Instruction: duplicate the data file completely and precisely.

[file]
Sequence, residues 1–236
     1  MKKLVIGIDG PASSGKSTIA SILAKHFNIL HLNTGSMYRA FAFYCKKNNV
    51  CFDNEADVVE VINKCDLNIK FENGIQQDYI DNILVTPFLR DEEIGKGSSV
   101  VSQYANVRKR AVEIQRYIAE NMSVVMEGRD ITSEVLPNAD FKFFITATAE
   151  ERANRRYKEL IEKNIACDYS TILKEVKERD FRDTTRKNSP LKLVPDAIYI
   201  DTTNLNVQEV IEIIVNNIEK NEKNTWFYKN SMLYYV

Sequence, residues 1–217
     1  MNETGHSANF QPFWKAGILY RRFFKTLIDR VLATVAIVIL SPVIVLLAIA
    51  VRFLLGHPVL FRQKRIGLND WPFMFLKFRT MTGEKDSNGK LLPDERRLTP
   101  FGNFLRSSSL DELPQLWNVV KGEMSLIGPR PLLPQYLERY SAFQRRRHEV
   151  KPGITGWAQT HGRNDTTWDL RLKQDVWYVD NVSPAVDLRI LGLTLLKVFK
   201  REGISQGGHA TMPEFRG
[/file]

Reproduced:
Sequence, residues 1–236
     1  MKKLVIGIDG PASSGKSTIA SILAKHFNIL HLNTGSMYRA FAFYCKKNNV
    51  CFDNEADVVE VINKCDLNIK FENGIQQDYI DNILVTPFLR DEEIGKGSSV
   101  VSQYANVRKR AVEIQRYIAE NMSVVMEGRD ITSEVLPNAD FKFFITATAE
   151  ERANRRYKEL IEKNIACDYS TILKEVKERD FRDTTRKNSP LKLVPDAIYI
   201  DTTNLNVQEV IEIIVNNIEK NEKNTWFYKN SMLYYV

Sequence, residues 1–217
     1  MNETGHSANF QPFWKAGILY RRFFKTLIDR VLATVAIVIL SPVIVLLAIA
    51  VRFLLGHPVL FRQKRIGLND WPFMFLKFRT MTGEKDSNGK LLPDERRLTP
   101  FGNFLRSSSL DELPQLWNVV KGEMSLIGPR PLLPQYLERY SAFQRRRHEV
   151  KPGITGWAQT HGRNDTTWDL RLKQDVWYVD NVSPAVDLRI LGLTLLKVFK
   201  REGISQGGHA TMPEFRG